Tragically, there are no easy answers. At a micro level, governments at all levels must increase funding for mental health awareness and early-intervention programs. At a macro level, it is well past time to start rolling back the liberalization of involuntary commitment that roiled American society in the tumultuous 1960s and 1970s. Making it easier to remove mentally disturbed and patently insane loners from the streets would not merely have a salutary effect on alleviating America’s epidemic of mass shootings; it would also help ameliorate our homelessness epidemic, given the disproportionate number of homeless individuals who are mentally ill. Prosecutors must also more stringently pursue gun trafficking, straw purchasing and other firearms-related charges.
Every single school in America must also be hardened. It is incumbent upon governors and state legislatures to ensure every single school in their jurisdiction has armed security and a single entrance point (multiple one-way, exit-only doors are fine). Crucially, this cannot be left up to superintendents on a district-by-district basis; this must be mandated by state governments. In the 2012 Aurora, Colorado, movie theater mass shooting, the shooter chose the only theater in the immediate radius that did not permit moviegoers to carry a concealed weapon; we cannot risk psychopathic would-be school shooters making a similar calculation about a comparatively “softer” school target.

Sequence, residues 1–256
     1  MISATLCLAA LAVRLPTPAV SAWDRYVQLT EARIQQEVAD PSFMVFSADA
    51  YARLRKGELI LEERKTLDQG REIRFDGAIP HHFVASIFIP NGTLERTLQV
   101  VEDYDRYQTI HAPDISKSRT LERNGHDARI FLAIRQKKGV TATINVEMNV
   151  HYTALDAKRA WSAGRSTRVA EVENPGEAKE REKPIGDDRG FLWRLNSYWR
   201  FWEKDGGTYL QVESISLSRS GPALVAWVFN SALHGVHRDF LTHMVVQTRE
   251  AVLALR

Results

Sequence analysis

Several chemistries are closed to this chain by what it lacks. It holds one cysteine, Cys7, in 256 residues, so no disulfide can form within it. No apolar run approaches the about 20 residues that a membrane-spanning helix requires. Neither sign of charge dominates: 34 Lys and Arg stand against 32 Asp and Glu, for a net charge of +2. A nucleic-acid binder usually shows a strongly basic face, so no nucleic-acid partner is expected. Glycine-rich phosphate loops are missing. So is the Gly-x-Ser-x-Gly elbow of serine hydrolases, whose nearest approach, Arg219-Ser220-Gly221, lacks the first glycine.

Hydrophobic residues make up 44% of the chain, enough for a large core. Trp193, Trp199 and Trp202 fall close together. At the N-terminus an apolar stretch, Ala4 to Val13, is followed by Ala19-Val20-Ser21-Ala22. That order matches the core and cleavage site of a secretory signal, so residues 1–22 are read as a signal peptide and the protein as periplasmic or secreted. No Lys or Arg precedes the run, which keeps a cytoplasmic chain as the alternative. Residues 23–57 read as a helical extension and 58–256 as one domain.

Innocent children are society’s most precious assets. That a parent can drop a child off at school and ever harbor any doubts about whether that child will return at the end of the school day is beyond inexcusable. If Democrats agree, then they will work with Republicans on some of these clear and obvious measures — assuming, of course, they don’t take the cowardly way out and resort to grandstanding about misbegotten “gun control.”
PHOTO: Gun Control. Phoro by David Mulder. Attribution-ShareAlike 2.0 Generic (CC BY-SA 2.0).
Josh Hammer is opinion editor of Newsweek, a research fellow with the Edmund Burke Foundation, counsel and policy advisor for the Internet Accountability Project, a syndicated columnist through Creators and a contributing editor for Anchoring Truths. A frequent pundit and essayist on political, legal and cultural issues, Josh is a constitutional attorney by training and the co-host of two podcasts: Newsweek's "The Debate" and the Edmund Burke Foundation's "NatCon Squad."
An outspoken conservative, Josh opines on conservative intellectual trends, contemporary domestic and foreign policy debates, constitutional and legal issues, and the intersection of law, politics and culture. He has been published by many leading outlets, including the Los Angeles Times, the New York Post, Newsweek, National Affairs, American Affairs, The National Interest, National Review, City Journal, First Things, Public Discourse, Law & Liberty, Tablet Magazine, Deseret Magazine, The Spectator, The American Conservative, The American Mind, American Greatness, American Compass, Anchoring Truths, Townhall, The Epoch Times, The Daily Wire, Fortune, Fox Business, Pairagraph, The Jerusalem Post, The Times of Israel, The Forward, Jewish Telegraphic Agency and the Jewish Journal. He has had formal legal scholarship published by the Harvard Journal of Law & Public Policy and the University of St. Thomas Law Journal.
Josh is a college campus speaker through Intercollegiate Studies Institute and Young America's Foundation, as well as a law school campus speaker through the Federalist Society. Prior to Newsweek and the Daily Wire, where he was an editor, Josh worked at a large law firm and clerked for a judge on the U.S. Court of Appeals for the Fifth Circuit. Josh has also served as a John Marshall Fellow with the Claremont Institute.
Josh graduated from Duke University, where he majored in economics, and from the University of Chicago Law School. He lives in Miami, but remains an active member of the State Bar of Texas.